Categories
conservation biology maori

Learning from rongoā Māori

Dr Rob Whitbourne works in conservation in Whakatāne. We talk about how he came to be involved in conservation and how this is driven by
Rongoā Māori medicine.

(note: We apologise for the sound quality of this conversation, the main recorder failed, so this is the back-up. All hail the back-up).

Talking points

Always into nature

Lucky that our playgrounds and experience in life was always based around the bush. My father was always a bushman…when you grow up with people like that they impart on you a sense of understanding….You grow up knowing the names of the trees, where different birds nest, how trees change during the seasons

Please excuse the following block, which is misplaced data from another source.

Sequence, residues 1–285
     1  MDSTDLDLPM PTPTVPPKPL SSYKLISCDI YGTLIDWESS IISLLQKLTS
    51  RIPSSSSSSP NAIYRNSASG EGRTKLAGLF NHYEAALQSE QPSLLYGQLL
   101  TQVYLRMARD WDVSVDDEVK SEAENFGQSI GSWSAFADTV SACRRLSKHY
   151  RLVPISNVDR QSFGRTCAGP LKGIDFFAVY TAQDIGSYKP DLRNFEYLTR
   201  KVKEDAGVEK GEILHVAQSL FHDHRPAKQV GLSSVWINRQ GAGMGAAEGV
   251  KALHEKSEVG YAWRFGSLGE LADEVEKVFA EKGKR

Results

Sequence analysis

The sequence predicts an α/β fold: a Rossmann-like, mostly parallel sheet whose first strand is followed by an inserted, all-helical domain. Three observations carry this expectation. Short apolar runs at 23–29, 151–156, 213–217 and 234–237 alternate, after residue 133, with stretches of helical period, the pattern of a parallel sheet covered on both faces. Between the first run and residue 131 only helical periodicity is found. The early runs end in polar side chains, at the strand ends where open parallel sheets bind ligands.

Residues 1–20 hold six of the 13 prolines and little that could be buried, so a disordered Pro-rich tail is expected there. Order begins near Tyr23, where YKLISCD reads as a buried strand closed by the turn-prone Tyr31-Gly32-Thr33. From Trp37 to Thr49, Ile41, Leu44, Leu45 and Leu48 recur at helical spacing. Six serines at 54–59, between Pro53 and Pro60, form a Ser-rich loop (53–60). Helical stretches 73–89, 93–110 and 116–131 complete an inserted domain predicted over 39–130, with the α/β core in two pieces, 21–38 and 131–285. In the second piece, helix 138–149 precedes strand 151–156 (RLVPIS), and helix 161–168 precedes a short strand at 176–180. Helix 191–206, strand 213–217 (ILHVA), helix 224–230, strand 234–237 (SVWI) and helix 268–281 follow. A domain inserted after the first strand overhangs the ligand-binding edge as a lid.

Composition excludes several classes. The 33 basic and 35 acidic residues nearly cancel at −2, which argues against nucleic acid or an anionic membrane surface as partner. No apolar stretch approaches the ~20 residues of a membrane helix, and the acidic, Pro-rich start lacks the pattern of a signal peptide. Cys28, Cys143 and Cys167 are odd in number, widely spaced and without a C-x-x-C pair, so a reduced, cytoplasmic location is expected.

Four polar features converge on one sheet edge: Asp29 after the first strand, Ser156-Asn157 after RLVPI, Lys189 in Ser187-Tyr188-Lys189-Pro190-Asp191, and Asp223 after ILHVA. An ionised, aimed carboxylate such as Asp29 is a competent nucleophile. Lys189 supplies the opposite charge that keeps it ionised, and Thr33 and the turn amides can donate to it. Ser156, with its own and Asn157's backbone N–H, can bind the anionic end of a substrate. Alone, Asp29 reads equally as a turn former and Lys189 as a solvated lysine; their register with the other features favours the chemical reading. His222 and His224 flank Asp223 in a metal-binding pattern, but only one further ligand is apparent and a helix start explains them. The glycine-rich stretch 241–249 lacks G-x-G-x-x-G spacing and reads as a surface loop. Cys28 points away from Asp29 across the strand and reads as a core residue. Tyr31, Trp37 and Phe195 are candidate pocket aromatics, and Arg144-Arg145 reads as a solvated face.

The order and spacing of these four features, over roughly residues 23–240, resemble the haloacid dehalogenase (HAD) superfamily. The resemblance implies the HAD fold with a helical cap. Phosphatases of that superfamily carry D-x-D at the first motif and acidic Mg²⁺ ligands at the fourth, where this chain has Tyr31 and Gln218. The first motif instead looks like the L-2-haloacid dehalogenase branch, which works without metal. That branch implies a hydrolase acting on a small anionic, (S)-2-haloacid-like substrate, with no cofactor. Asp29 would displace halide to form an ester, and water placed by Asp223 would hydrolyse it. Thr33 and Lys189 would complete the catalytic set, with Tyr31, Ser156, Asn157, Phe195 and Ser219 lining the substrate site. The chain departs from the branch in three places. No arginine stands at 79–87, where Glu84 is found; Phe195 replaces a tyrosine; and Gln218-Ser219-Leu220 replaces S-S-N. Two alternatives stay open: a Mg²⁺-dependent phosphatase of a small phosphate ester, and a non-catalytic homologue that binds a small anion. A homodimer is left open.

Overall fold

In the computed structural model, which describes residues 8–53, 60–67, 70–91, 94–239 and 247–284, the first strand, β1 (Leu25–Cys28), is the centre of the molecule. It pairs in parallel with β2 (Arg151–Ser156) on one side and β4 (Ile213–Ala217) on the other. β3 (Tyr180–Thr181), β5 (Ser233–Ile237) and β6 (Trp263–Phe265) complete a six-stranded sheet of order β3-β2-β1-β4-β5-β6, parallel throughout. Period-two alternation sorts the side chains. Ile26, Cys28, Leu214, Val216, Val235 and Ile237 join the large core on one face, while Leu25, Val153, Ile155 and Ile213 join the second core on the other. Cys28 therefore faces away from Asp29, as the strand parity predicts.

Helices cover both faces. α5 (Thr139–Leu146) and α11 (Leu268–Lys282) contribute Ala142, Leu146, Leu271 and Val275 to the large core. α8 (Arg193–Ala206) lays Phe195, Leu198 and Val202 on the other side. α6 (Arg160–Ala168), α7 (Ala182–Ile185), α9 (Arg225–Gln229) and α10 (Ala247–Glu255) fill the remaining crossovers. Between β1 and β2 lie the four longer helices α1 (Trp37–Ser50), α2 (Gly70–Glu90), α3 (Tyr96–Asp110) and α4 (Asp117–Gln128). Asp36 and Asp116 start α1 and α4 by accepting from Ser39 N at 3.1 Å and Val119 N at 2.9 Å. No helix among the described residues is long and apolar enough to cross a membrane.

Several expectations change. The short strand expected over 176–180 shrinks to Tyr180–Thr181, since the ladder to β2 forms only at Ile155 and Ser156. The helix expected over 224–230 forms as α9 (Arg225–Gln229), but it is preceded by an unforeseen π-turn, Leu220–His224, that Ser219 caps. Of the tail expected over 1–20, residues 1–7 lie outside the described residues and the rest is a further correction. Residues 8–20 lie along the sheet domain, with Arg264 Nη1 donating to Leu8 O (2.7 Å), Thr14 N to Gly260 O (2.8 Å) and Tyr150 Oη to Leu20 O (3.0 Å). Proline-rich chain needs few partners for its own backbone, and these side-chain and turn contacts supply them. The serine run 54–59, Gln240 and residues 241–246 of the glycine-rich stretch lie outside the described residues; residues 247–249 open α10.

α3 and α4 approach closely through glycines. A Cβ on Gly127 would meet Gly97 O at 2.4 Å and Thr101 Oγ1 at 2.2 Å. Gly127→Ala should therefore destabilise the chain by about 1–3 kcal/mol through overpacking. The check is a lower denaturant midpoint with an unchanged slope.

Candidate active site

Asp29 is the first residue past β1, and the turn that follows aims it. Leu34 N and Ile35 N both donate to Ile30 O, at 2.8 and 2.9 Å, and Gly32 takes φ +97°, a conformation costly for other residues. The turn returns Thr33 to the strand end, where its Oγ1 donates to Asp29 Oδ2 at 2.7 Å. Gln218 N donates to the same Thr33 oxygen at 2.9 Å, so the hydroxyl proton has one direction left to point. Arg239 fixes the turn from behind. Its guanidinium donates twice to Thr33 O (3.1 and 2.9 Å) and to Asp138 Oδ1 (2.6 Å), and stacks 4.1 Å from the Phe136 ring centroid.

Sense of curiosity and understanding

(after teenage years in Australia) For a long time after I came back I had this sense of the New Zealand bush as this foreboding dark forest

I went to a rongoā wānanga, a workshop on traditional medicines…it opened my eyes, gave me a feeling of really knowing the bush

PhD focussing on traditional crops and how their significance is maintained today…The bigger question: how indigenous communities engage with research institutes?

The social side of knowledge, isn’t given the same focus – especially when it comes to Western Science and indigenous knowledge systems – the focus is often on factual knowledge and deeper assumptions, ontologies.. and the social stuff isn’t given that much attention..and that leads to a focus on difference…here’s the body of knowledge that one system has, and here’s the body of knowledge that this other system has, or a deeper level, we see the world this way and you see the world that way. That tends to draw out difference and it doesn’t give much room for common ground or interaction.